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Serving vessels

Updated: Mar 22, 2019 Print

Tureen (gui): A tureen (gui) is usually round in shape, mostly with a pair of handles. It stands on a ring foot or a rectangular pedestal, with or without a lid. Like the cauldron (ding), the tureen was a symbol of aristocracy and privilege. Grouped in even numbers, a set of tureens often appeared in company with the cauldron grouped in odd numbers in ritual ceremonies. 

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Tureen (gui), mid Western Zhou Dynasty (c.11th century-771 BC), collection of Shanghai Museum [Photo/shanghaimuseum.net]


Stemmed Bowl (dou): A stemmed bowl (dou) is used for serving meat paste. Some stemmed bowls are designed with lids, where handles are attached. The lid can be inverted for use as a shallow bowl.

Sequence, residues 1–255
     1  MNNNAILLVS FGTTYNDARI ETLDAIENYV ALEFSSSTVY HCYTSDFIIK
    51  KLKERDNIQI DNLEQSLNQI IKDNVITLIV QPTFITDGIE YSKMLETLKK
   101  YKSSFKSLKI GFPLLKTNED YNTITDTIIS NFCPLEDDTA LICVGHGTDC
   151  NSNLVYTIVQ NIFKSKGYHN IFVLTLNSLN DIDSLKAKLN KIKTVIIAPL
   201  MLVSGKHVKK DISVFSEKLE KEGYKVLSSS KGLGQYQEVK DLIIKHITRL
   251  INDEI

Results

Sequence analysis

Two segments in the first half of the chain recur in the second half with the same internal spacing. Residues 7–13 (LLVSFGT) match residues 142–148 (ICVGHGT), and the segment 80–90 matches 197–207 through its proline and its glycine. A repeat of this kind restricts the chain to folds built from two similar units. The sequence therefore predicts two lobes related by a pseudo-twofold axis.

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Stemmed bowl (dou), late Western Zhou Dynasty (c.11th century-771 BC), collection of the Palace Museum [Photo/dmp.org.cn]


Rectangular Tureen (fu): A rectangular tureen (fu) is a lidded food container with a flaring mouth and four short legs.

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Rectangular tureen (fu), Eastern Zhou dynasty, Spring and Autumn period, collection of Art Institute of Chicago [Photo/artic.edu]


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